Image found here.
This week I showed Rear Window to my Comp II classes as a sort of entree into our short foray into literary analysis--the act of reading literature is, after all, a kind of surveillance of and speculation about language, which activities--surveillance and speculation--are central to Hitchcock's film. Anyway, as a further self-indulgence disguised as something entirely relevant to our class's larger focus on rhetoric, I showed one of my classes some examples of lobby cards for the film from the '50s and from the film's later re-releases, and a couple of contemporary examples by graphic artists done as exercises to show to potential clients. What I told my students is that lobby-cards at their best are implicit arguments about how best to think about the film they promote; thus, they are interpretations of that film. While I genuinely believe that, it's equally true that I became intrigued by the lobby-cards that I ran across while looking for an image to accompany this long-ago post. In particular, I was drawn to their simultaneous constant returning to certain themes and motifs and their subtle but significant variations on them. So, I rounded up a few examples and put them into a Powerpoint program; what follows here are some of the more interesting ones, along with some comments from me and my students.
Regarding the first image, I noted that the images of Miss Torso and Thorwald in the binocular lenses make no sense from the standpoint of physics (though their respective apartments are right across the hall from each other), but they perfectly introduce the film's initial distracted feel--its attention follows Jeff's until he gradually becomes more intent on the goings-on in the Thorwalds' apartment. One of my students mentioned what he called Jeff's "odd" expression; he said that Jeff looks "mean." I don't want to push this idea too hard--it is a drawing, after all--but despite the pleasant-enough smile, it's true that Jeff's overall expression has a tension to it that almost suggests that he's the one up to no good and thus needs watching . . . which, of course, is true in the abstract, given how he whiles away the hours. It's the look of someone enjoying himself while engaged in a dark act--and, as I told the class tonight, I think it's pretty clear that Jeff derives pleasure from his voyeurism and the narratives he constructs from it. Intentionally or not, it's a reminder that at Rear Window's heart is the inescapable fact that, divorced from the particulars of the plot, its central character is engaged in an activity that's awkward (at best) to excuse as harmless.
This poster (image found here) also uses the impossible physics of the differing images in the binocular lenses. Its most striking difference, though, is that instead of an image of Thorwald in the lens, we see his empty, dark apartment window. I like the absence-is-presence feel of that emptiness; we're just as drawn to the fact that we can't see anything as we are by Miss Torso's unself-conscious dancing about in full view of anyone who might happen to look in. Also, as viewers of the film know, there are moments when Jeff is as intrigued by the fact that he can't see anything in that window, as when he can. The blank emptiness of the lobby-card's window also evokes, for me, a blank slate upon which we can write our speculations: exactly what Jeff and Lisa do as they discuss Thorwald.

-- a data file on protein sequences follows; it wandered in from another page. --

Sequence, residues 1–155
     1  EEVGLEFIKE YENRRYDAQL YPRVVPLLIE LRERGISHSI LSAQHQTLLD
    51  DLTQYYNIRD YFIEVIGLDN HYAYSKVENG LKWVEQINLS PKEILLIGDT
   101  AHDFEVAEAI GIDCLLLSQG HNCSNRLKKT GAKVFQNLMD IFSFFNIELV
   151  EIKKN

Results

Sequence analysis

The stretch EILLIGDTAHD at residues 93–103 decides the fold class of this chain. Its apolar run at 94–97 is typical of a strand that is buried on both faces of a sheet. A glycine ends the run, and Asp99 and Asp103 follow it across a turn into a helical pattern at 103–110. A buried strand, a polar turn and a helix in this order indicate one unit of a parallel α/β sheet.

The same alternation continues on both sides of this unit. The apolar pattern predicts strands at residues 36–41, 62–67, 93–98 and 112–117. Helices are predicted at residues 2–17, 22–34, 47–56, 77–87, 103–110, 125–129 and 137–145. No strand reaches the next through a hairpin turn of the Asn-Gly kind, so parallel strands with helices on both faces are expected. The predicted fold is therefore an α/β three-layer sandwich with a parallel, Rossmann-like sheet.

As with the first poster, my students made note of Jeff's and Lisa's facial expressions. Here, both appear to show concern or even worry (though, because Jeff's mouth is hidden behind the binoculars, his expression is more ambiguous).
Of these first two images, my students preferred this second one more: in addition to not liking Jeff's "mean" expression in the first one, they felt it was visually garish and, strangely, they were put off as well by the fact that it depicts Lisa and Miss Torso as brunettes.
Two more below the fold.
I had not seen this one (found here) before this week, and of the lobby-cards in this post, it may be my favorite because it runs so explicitly against the grain of the film's point of view; indeed, it serves as a commentary, perhaps unfavorable, on Jeff and Lisa's adventures in what Lisa calls "rear-window ethics." It not only places us physically outside Jeff's apartment looking in (the two images above either depict no interior space at all (the first card) or, oddly, place Jeff and Lisa against an exterior wall), it places us so that we're looking at his apartment from the perspective of the Thorwalds' bedroom. The space (and the person occupying that space) they gaze upon becomes, in this image, the perspective from which they now become the object of Thorwald's gaze, via us as his surrogates. Vertigo, indeed.
I feel I've done little if any justice to this fascinating image.
And finally, this image by Mark Malazarte, found here, that he apparently worked up as an example of his work as a graphic designer. It has a '50s jazzy feel to it that I like, in keeping with Franz Waxman's soundtrack, but I also like how the viewer's perspective is pulled back from the window so that we're sitting in darkness. One of my students noticed the one red window in the building across the way and said, "That's Thorwald's apartment."
I don't have any big wind-up for this post. After all, it's a pretty obvious point that because lobby-cards promote the film, they need to convey some sense of the film's characters and/or themes. What's intriguing is how these particular images go about doing that work and, in the case of the third, go far beyond the work of promotion to (I would argue) actively seek to unnerve us just a bit about what this film's central characters are doing.
Saturday, November 14, 2009
Image found here.